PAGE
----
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3 Fargo women lead state PTA

Amy Arness, Mary Schultz and Nikkie Gullickson, all of Fargo, have held or will hold the top leadership post in the North Dakota PTA. They will be attending the national PTA conference in Washington, D.C., this week. David Samson / The Forum

FARGO — It could be said Centennial Elementary School in south Fargo turns out parent leaders the way Ivy League schools crank out Fortune 500 CEOs. Over the past decade, the school has served as the place where many North Dakota Parent Teacher Association (PTA) leaders get their start before taking their advocacy for children all the way to Capitol Hill.

The past five North Dakota PTA presidents have been from Fargo and four of them spent their early years in the Centennial PTA including past president Amy Arness, current president Mary Schultz and president-elect Nikkie Gullickson.

"It's kind of fun that we come from the same school, but nothing would thrill me more if we could spread the state leadership around a bit more," Gullickson says.

Arness, who also serves as the state legislative chair, says Fargo and Minot have the most active local PTA chapters in the state, so leaders often come from those two cities.

But with the challenges facing education today, she thinks more school districts should get involved with PTA.

"The slogan for PTA is 'Every Child — One Voice.' If everyone is speaking at the same time, it's easy to tune them out. But PTA gives us a united platform. We can pass these really significant things. We're the ones invited to the table," Arness says.

Arness and Gullickson will be traveling to Washington for the National PTA Legislative Conference March 7. Among other things, PTA representatives will be talking to Congress about education funding, juvenile justice and delinquency prevention, child nutrition and reauthorizing the Individuals with Disabilities Education Act.

Schultz says one of the reasons she got involved in PTA in the first place is because her now 18-year-old son Tyler has autism.

"When he was younger, I felt it was really important to get to know the school and his teachers," she says. "By being in PTA and being involved, I wasn't just a mom who was harping on them about something. I wanted to make it work. I was able to build that relationship and trust."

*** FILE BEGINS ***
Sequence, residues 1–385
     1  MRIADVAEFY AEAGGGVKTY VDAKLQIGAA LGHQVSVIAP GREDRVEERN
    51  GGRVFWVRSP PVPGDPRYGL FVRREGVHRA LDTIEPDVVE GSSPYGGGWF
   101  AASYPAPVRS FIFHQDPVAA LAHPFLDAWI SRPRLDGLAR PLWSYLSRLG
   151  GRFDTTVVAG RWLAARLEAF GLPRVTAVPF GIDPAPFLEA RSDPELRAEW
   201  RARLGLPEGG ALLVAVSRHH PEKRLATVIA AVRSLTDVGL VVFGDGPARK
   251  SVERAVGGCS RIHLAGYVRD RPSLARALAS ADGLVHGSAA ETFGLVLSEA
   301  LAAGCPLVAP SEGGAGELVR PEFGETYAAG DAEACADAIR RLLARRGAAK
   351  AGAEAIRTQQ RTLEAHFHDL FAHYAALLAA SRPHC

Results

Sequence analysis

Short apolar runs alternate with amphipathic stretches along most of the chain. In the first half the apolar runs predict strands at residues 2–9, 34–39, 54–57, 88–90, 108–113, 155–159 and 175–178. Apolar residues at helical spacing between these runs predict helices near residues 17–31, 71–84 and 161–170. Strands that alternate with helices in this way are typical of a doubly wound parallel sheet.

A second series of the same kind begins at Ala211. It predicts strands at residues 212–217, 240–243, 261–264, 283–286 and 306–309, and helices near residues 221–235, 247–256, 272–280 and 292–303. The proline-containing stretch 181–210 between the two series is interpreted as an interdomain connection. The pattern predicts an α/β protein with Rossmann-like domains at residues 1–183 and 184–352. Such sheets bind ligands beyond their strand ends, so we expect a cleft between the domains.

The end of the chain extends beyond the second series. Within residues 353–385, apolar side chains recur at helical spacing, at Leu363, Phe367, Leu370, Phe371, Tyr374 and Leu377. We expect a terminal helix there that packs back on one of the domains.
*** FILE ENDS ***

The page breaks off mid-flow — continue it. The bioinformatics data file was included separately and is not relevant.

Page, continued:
It was a similar situation for Arness and Gullickson who joined PTA to be connected with education in their community and be engaged in their children's learning.

"I think for a lot of us in PTA it might start with 'my kid', but in about 30 seconds you realize it's not just about 'my kid,' " says Gullickson, who is mother to three elementary-aged children. "It gets hard to walk away."

Arness could easily have walked away from PTA in 2013, when the second of her two children graduated from Fargo Public Schools. But her years of experience have given her opportunities to serve in many capacities.

"One reason I've stayed on the state board for 15 years is that you see so much more needs to be done," Arness says.

Arness says parents should never see PTA as something they have to do. But getting involved — even in small ways — can make a big difference.

"I think we all know everyone gets so busy, but more than anything we need parents to be aware of what's going on," she says.

This week's conference in Washington is one opportunity to start learning about issues facing education today, including the recent controversial confirmation of Secretary of Education Betsy DeVos. During confirmation hearings National PTA leaders expressed concerns about her lack of experience, but have also said they are committed to working collaboratively with her. Arness says she's not sure whether they'll get the opportunity to hear from DeVos.

Arness, Schultz and Gullickson say most importantly the conference gives them an opportunity to network with other PTAs, get to know other parents and see what they can do to help children.

"It's kind of an electric atmosphere there," Arness says, "Seeing the big picture for the first time is pretty exciting."

"You start to see there's something more than just your school," Schultz says.

Tracy Briggs

Tracy Briggs is a former TV anchor/radio host currently working as a features writer and video host for Forum Communications.

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